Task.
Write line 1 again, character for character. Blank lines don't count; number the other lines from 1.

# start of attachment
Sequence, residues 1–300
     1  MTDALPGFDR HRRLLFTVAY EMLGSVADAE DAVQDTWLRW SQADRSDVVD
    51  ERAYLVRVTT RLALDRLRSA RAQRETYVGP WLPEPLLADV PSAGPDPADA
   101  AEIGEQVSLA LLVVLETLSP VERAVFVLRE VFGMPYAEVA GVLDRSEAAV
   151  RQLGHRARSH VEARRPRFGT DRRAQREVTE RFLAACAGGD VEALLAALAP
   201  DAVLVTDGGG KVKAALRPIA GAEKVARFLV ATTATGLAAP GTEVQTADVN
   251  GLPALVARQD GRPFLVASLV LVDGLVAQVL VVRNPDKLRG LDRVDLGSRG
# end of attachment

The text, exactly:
Sequence, residues 1–300